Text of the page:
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  Pocahontas Indian Summer
Year: 1995
Director: Mike Gabriel, Eric Goldberg
Stars: Irene Bedard, Judy Kuhn, Mel Gibson, David Ogden Stiers, John Kassir, Russell Means, Christian Bale, Linda Hunt, Danny Mann, Billy Connolly, Joe Baker, Frank Welker, Michelle St John, James Apamut Fall, Gordon Tootoosis
Genre: Animated, Romance, Historical, FantasyBuy from Amazon
Rating:  6 (from 2 votes)
Review: British sailors are boarding their ship to sail to North America to settle, and more importantly to Governor Ratcliffe (voiced by David Ogden Stiers) to find all the gold that is purported to be there. One of the sailors is John Smith (Mel Gibson), well-liked by his fellows and proving his mettle when, once they are halfway across the Atlantic, he bravely leaps into the sea during a terrible storm and saves a crewman who has been swept overboard. Meanwhile, at the location of where they are headed, the young Indian princess Pocahontas (Irene Bedard and Judy Kuhn) is wondering about the path life will take her...

And when they met, it was moider! Well, not murder exactly, as the death here is by and large unintentional and born from misunderstandings, but Disney apparently thought the Pocahontas meets John Smith tale was a real life Romeo and Juliet that could get them in the good books of those who champion equal rights. Great care and attention went into rendering the natives and their world, here presented as a Garden of Eden that promoted the simple pleasures of nature, but this meant that the British were somewhat less affectionately portrayed, making them more the typical stereotype English baddies so beloved of Hollywood.

Only one British character escapes this, and significantly he is Smith, notably not voiced by anyone from Europe but by the Australian-American Mel Gibson, not doing much to adopt an appropriate accent. Funnily enough, although the Brits didn't complain about their design, the Indians complained about their's, leaving Disney in a "damned if you do, damned if you don't" quandary, but in truth this film had more problems than its caricaturing. It was intended as a serious, prestige production which would take the studio into a new age of not only financial success, but artistic respect as well, only it didn't play out that way, with many grumblings about it being, if anything, too serious, and historically dubious.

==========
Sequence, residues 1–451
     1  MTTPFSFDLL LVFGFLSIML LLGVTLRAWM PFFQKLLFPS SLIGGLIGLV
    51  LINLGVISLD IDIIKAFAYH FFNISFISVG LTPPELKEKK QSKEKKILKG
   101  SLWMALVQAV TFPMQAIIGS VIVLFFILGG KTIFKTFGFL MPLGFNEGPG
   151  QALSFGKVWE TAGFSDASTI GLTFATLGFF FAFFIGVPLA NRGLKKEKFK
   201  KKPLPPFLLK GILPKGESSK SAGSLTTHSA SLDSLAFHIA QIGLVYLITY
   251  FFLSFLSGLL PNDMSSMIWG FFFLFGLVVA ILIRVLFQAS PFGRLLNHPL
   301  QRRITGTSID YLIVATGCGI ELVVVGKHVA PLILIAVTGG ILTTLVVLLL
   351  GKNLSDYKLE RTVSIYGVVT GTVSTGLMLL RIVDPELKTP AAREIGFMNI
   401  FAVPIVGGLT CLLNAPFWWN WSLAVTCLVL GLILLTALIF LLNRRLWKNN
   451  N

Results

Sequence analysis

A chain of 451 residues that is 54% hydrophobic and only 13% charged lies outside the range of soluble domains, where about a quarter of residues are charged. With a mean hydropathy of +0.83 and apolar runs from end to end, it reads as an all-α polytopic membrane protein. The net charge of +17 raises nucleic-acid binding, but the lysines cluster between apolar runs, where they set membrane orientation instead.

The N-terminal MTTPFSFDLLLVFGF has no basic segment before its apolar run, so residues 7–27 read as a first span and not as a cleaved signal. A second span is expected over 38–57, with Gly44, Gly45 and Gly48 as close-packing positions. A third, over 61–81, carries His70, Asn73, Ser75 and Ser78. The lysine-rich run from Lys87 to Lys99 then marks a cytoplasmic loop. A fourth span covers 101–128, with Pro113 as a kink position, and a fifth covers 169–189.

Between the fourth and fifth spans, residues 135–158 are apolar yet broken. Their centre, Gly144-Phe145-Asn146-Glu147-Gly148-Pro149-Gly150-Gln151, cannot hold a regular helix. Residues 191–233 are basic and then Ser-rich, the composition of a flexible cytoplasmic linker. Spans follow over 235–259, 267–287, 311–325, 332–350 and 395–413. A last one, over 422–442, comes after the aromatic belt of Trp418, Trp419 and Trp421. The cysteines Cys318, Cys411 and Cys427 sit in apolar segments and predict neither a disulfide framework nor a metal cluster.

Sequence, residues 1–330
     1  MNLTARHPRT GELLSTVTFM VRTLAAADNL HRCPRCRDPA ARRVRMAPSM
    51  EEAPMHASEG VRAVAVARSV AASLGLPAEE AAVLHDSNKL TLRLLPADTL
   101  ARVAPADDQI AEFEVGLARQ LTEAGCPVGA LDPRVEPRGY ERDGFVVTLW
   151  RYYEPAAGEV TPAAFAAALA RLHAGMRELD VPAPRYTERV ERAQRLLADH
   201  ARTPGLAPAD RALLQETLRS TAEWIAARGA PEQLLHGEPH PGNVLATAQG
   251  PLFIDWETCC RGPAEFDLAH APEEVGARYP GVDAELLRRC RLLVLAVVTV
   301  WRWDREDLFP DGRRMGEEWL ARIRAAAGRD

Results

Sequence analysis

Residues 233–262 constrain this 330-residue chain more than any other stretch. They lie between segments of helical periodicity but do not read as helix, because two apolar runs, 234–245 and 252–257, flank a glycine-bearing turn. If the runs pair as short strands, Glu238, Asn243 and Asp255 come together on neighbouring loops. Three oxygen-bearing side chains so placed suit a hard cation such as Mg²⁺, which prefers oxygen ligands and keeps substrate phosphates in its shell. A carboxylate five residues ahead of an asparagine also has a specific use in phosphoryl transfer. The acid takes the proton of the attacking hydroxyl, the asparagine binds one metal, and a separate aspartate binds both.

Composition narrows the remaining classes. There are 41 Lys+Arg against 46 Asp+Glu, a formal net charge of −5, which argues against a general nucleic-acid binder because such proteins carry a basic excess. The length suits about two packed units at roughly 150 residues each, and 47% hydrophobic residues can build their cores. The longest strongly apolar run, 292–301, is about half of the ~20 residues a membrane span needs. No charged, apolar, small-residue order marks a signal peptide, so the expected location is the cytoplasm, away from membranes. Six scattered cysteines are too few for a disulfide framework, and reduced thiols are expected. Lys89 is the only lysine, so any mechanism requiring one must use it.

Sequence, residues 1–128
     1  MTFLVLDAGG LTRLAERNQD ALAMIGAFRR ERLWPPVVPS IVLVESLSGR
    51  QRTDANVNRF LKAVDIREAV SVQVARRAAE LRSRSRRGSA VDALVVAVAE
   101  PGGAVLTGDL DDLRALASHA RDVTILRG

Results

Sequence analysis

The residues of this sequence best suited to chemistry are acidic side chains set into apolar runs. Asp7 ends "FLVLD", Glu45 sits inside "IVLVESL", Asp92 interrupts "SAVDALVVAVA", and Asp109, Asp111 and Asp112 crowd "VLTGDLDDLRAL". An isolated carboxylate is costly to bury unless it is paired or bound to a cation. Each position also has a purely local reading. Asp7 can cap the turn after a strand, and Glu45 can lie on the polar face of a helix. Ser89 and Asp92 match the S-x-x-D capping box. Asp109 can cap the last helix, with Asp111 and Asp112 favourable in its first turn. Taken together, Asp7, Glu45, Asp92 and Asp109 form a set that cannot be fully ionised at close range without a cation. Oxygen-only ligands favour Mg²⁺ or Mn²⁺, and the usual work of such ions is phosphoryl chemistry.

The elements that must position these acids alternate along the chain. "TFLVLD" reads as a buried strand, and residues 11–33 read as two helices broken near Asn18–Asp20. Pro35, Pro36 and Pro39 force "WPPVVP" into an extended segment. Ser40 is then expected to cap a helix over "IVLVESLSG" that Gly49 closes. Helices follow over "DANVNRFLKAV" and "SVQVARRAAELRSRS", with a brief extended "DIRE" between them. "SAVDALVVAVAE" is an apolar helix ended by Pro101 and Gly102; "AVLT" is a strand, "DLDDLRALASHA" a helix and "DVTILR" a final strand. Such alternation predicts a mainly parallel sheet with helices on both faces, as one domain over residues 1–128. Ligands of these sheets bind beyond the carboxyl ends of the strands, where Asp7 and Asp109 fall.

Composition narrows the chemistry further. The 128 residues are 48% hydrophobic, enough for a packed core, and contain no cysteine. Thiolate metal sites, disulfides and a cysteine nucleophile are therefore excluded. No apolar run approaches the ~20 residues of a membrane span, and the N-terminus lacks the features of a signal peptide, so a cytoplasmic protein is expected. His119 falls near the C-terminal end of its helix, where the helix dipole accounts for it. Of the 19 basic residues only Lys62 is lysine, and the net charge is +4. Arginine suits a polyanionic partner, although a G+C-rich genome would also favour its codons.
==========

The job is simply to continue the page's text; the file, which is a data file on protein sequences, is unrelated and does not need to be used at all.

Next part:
That last point is a little unfair, as this was a family film so they obviously glossed over the fact that the real Pocahontas was about twelve years old when she and the fifteen years her senior Smith fell in love, but then, she probably didn't have a comedy racoon and hummingbird as companions either, and nobody felt the need to accuse that aspect of blatant playing about with the truth. Those animals are the main concession to the Disney of old, and in no way mesh with the more sombre tone of the main plot, leaving them looking as if they have wandered in from the wrong film. The love story takes centre stage, then, yet not necessarily to the film's benefit as yes, there had been love stories in Disney before, but this one buckles under the weight it has to carry.

Pocahontas gets advice from a talking tree (Linda Hunt), which lets her know she should follow her heart and all that stuff, so when the more interesting than her intended suitor Smith appears, he seems the better option and once by the medium of magic pixie dust they can communicate in the same language (a particularly clunky device) they get on famously. Well, almost, as Smith starts telling his new girlfriend that the British have it in mind to civilise the Indians, and it takes a talking to from Pocahontas to set him right that they were fine as they were. But the battle of wills between the natives and settlers sets the stage for some heavy handed, "just because they are different doesn't mean they are your enemy" moralising, which might have a valid point to make, but subtlety has long flown out of the window by that time. Add too many mediocre songs and bland visuals, surprising when you consider how long it was worked on, this was not a Disney classic by any means. Music by Alan Menken.
Reviewer: Graeme Clark

 

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